There are several places around the world that have already achieved 100% renewable electricity:

Iceland generates 75% of its electricity from hydropower and 25% from geothermal, making it one of the first countries to reach 100% renewable electricity.

The German state of Mecklenburg-Vorpommern generates all of its electricity from renewable sources like wind, solar, and biomass. It reached 100% renewable electricity in 2011.

In 2015, the city of Aspen, Colorado became the third US city to hit 100% renewable electricity, through its municipal utility Aspen Electric. They use a mix of hydroelectric, wind and solar power.

Other places like Denmark, Uruguay, Scotland, and Costa Rica are approaching or have already surpassed 90% renewable electricity generation.

Policy Support

Government policies play a critical role in incentivizing and mandating the transition to 100% renewable electricity. Key policies include:

Incentives – Tax credits, rebates, and grants can make renewable energy more affordable and attractive for utilities and consumers. The federal investment tax credit (ITC) has been instrumental in boosting solar energy growth in the U.S. Rhode Island offers rebates for renewable energy projects.

Mandates – Renewable portfolio standards require utilities to source a specific percentage of electricity from renewables. As of 2022, 30 states had RPS policies with targets up to 100% renewable electricity.

Power purchase agreements – Utilities can agree to long-term contracts to buy electricity from renewable energy producers at fixed prices, providing revenue certainty.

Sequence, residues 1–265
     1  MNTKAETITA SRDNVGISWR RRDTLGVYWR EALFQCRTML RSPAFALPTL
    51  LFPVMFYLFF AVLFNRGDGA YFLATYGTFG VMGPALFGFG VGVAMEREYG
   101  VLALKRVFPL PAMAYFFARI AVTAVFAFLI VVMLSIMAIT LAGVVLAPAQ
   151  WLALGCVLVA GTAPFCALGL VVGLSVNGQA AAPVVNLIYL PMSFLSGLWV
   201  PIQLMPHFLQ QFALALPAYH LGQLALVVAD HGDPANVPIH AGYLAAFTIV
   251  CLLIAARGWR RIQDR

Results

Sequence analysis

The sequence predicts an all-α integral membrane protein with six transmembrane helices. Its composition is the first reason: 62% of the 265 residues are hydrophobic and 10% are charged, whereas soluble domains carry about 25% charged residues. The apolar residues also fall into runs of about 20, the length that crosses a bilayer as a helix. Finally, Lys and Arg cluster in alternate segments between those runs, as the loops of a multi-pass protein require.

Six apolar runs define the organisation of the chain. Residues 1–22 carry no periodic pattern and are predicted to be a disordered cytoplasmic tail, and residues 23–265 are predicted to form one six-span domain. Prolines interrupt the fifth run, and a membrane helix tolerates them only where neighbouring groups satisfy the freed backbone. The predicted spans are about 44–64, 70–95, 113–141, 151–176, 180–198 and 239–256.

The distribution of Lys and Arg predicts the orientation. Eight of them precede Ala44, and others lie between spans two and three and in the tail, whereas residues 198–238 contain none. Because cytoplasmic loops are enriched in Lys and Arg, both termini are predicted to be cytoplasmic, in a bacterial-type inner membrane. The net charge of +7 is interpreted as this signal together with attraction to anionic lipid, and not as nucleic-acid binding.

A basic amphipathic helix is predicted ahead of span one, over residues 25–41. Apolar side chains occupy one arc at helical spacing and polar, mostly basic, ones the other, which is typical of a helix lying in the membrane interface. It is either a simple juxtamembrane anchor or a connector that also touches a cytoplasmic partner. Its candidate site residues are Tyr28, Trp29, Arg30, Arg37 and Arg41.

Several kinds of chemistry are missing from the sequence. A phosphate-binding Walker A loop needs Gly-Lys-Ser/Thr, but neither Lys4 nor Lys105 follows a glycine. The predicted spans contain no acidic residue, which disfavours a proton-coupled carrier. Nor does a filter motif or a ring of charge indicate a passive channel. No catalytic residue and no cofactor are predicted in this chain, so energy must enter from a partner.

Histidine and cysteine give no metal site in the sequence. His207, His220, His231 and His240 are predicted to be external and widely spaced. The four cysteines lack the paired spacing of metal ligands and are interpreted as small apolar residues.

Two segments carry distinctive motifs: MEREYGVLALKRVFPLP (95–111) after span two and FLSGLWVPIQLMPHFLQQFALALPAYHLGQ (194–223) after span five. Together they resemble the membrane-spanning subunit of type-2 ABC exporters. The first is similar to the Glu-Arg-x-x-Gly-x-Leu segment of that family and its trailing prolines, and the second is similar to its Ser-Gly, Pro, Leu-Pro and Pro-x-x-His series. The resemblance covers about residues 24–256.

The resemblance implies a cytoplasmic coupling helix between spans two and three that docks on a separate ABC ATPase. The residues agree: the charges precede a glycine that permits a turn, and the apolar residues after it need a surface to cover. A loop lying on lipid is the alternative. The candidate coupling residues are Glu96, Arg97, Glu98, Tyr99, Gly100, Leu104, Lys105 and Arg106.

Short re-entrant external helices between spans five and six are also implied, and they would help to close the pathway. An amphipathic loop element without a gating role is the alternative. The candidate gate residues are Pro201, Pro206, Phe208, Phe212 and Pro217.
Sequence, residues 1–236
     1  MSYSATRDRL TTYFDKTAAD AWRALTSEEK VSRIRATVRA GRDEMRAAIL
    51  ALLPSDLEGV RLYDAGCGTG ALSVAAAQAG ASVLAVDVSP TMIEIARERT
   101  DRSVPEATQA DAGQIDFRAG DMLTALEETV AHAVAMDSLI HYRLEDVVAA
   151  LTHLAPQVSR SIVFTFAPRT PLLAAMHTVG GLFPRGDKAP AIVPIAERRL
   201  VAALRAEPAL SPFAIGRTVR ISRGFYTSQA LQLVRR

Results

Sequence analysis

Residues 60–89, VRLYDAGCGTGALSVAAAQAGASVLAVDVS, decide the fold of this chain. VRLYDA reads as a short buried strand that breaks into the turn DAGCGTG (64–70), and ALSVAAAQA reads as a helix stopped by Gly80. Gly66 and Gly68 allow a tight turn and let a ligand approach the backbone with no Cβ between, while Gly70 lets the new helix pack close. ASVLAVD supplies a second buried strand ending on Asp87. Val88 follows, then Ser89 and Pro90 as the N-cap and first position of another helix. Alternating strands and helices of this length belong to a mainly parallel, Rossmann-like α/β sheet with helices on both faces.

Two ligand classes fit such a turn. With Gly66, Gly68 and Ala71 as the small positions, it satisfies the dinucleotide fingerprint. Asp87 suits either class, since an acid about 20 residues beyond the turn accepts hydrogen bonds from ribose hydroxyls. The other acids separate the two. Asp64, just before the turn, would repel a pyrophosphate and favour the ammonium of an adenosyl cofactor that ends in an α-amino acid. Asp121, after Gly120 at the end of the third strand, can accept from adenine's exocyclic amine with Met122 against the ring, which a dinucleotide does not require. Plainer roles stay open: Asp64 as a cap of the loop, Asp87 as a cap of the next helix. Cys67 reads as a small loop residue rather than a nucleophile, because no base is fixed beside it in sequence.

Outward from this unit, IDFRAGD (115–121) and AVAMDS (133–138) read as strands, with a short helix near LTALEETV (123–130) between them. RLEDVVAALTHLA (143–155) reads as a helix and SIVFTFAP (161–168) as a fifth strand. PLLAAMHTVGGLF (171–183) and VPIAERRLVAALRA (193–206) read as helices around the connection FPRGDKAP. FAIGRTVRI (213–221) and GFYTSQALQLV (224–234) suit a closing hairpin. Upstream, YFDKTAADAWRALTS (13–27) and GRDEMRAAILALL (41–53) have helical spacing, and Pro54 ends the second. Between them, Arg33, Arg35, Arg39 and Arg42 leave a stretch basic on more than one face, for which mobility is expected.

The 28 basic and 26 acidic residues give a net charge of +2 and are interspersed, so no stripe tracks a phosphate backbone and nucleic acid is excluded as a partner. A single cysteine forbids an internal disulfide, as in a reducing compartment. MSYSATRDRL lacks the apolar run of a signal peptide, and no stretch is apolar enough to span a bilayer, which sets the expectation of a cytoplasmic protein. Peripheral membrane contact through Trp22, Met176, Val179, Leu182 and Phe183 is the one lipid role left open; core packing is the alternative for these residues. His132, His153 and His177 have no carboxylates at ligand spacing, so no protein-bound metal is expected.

Carbon pricing – Putting a price on carbon emissions, through carbon taxes or cap-and-trade systems, can make fossil fuels less competitive compared to low-carbon renewables.

Public Opinion

Surveys show strong public support for increasing renewable energy sources like wind and solar over fossil fuels. A 2018 Vox article referenced a 2016 Pew poll that found 89% of Americans favor expanding solar and 83% support more wind turbines. The Yale Program on Climate Change Communication also found 71% of registered voters are willing to pay more on their electric bills to support renewable energy development. This suggests many Americans prioritize renewable energy adoption even if it costs more, indicating strong public opinion in favor of transitioning away from fossil fuels.


Projections show strong growth ahead for renewable electricity. According to a study from the National Renewable Energy Laboratory, renewable electricity generation could grow from 21% of U.S. electricity generation in 2020 to 42% in 2030 and 62% in 2040 if current state and federal policies remain in place (1). With additional supportive policies, renewable electricity generation could reach 74% by 2035 and 90% by 2050.

Major corporations have committed to transitioning to 100% renewable electricity, including Amazon, Apple, Google, Microsoft, and Walmart (2). Over 280 cities and towns across the U.S. have also made commitments to 100% renewable electricity. This growing demand from the private sector will encourage further development of renewable energy projects and infrastructure.

Countries like Denmark, Uruguay, and Iceland already generate over 90% of their electricity from renewable sources and serve as pioneers demonstrating the feasibility of 100% renewable electricity (3). As costs continue to fall and supportive policies expand, achieving 100% renewable electricity in the U.S. and globally appears increasingly within reach.